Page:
# Body under Constant Acceleration

## Theorem

Let $B$ be a body under constant acceleration $\mathbf a$.

The following equations apply:

### $(1):$ Velocity after Time

- $\mathbf v = \mathbf u + \mathbf a t$

### $(2):$ Distance after Time

- $\mathbf s = \mathbf u t + \dfrac {\mathbf a t^2} 2$

### $(3):$ Velocity after Distance

- $\mathbf v \cdot \mathbf v = \mathbf u \cdot \mathbf u + 2 \mathbf a \cdot \mathbf s$

where:

- $\mathbf u$ is the velocity at time $t = 0$
- $\mathbf v$ is the velocity at time $t$
- $\mathbf s$ is the displacement of $B$ from its initial position at time $t$
- $\cdot$ denotes the dot product.

## Proof

This article needs to be linked to other articles.You can help $\mathsf{Pr} \infty \mathsf{fWiki}$ by adding these links.To discuss this page in more detail, feel free to use the talk page.When this work has been completed, you may remove this instance of `{{MissingLinks}}` from the code. |

Although this article appears correct, it's inelegant. There has to be a better way of doing it.In particular: The justification for the derivation of $(1)$ from $(2)$ is handwavey and clumsy. Better to do $(1)$ first and then derive $(2)$ from it, to save having to solve a second order DE whose solution we have not yet put on $\mathsf{Pr} \infty \mathsf{fWiki}$. As the separate proofs for the separate parts have now been extracted into their own pages, complete with justifying links throughout (and no handwvery), it is suggested that this proof may be deleted.You can help $\mathsf{Pr} \infty \mathsf{fWiki}$ by redesigning it.To discuss this page in more detail, feel free to use the talk page.When this work has been completed, you may remove this instance of `{{Improve}}` from the code.If you would welcome a second opinion as to whether your work is correct, add a call to `{{Proofread}}` the page. |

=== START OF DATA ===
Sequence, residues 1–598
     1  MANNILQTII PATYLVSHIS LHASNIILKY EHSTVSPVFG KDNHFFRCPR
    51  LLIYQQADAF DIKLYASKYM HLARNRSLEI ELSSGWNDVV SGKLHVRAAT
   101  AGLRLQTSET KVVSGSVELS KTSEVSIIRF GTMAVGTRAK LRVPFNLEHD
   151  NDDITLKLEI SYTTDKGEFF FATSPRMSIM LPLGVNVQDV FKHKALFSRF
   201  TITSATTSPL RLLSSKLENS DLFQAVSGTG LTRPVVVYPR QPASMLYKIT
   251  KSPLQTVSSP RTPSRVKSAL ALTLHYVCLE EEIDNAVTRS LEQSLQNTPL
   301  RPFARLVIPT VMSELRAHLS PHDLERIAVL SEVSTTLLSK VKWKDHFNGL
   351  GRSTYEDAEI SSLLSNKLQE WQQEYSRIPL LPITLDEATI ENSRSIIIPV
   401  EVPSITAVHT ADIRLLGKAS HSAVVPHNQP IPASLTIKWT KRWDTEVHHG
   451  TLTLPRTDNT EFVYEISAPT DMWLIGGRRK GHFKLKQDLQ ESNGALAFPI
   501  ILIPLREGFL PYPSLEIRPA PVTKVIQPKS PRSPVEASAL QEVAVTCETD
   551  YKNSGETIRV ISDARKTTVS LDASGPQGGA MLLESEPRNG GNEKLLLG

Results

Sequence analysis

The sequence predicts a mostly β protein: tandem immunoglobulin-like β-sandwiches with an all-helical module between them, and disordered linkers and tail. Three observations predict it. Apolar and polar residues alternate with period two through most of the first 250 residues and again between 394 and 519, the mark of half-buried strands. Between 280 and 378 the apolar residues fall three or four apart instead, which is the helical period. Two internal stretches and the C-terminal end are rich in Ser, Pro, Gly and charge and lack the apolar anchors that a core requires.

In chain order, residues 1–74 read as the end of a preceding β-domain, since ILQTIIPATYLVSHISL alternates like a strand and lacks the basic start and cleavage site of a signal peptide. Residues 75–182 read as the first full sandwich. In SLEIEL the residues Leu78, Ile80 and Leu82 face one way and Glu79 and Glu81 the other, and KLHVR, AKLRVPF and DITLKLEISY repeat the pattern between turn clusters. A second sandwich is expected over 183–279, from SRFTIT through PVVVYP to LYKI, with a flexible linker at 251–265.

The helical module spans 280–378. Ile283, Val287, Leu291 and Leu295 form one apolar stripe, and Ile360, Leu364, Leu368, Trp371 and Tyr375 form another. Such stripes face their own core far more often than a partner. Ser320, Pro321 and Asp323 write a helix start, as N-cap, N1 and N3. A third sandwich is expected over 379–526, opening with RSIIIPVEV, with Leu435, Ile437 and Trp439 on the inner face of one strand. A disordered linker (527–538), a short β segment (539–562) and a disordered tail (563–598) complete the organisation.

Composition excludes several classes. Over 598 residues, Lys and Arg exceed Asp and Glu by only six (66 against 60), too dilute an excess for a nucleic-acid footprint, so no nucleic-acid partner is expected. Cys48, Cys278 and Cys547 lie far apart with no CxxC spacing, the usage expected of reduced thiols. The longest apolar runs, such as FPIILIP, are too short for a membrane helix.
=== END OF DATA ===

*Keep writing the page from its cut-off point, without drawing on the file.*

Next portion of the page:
$B$ has acceleration $\mathbf a$.

Let $\mathbf x$ be the vector corresponding to the position of $B$ at time $t$.

Then:

- $\dfrac {\d^2 \mathbf x} {\d t^2} = \mathbf a$

Solving this differential equation:

- $\mathbf x = \mathbf c_0 + \mathbf c_1 t + \frac 1 2 \mathbf a t^2$

with $\mathbf c_0$ and $\mathbf c_1$ constant vectors.

Evaluating $\mathbf x$ at $t = 0$ shows that $\mathbf c_0$ is the value $\mathbf x_0$ of $\mathbf x$ at time $t=0$.

Taking the derivative of $\mathbf x$ at $t = 0$ shows that $\mathbf c_1$ corresponds to $\mathbf u$.

Therefore, since $\mathbf s = \mathbf x - \mathbf x_0$, we have:

- $\mathbf s = \mathbf u t + \dfrac {\mathbf a t^2} 2$

and by taking the derivative of $\mathbf x$, we have:

- $\mathbf v = \mathbf u + \mathbf a t$

Next, we dot $\mathbf v$ into itself using the previous statement.

From the linearity and commutativity of the dot product:

\(\ds \mathbf v \cdot \mathbf v\) | \(=\) | \(\ds \paren {\mathbf u + \mathbf a t} \cdot \paren {\mathbf u + \mathbf a t}\) | ||||||||||||

\(\ds \) | \(=\) | \(\ds \mathbf u \cdot \mathbf u + 2 \mathbf u \cdot \mathbf a t + t^2 \mathbf a \cdot \mathbf a\) | ||||||||||||

\(\ds \) | \(=\) | \(\ds \mathbf u \cdot \mathbf u + \mathbf a \cdot \paren {2 \mathbf u t + t^2 \mathbf a}\) |

The expression in parentheses is $2 \mathbf s$, so:

- $\mathbf v \cdot \mathbf v = \mathbf u \cdot \mathbf u + 2 \mathbf a \cdot \mathbf s$

and the proof is complete.

$\blacksquare$

## Also known as

These equations can often be seen collectively referred to, particularly at elementary and high school levels, as **SUVAT**, for the usual symbols used to represent the quantities involved.

## Sources

- 2014: Christopher Clapham and James Nicholson:
*The Concise Oxford Dictionary of Mathematics*(5th ed.) ... (previous) ... (next): Entry:**constant acceleration**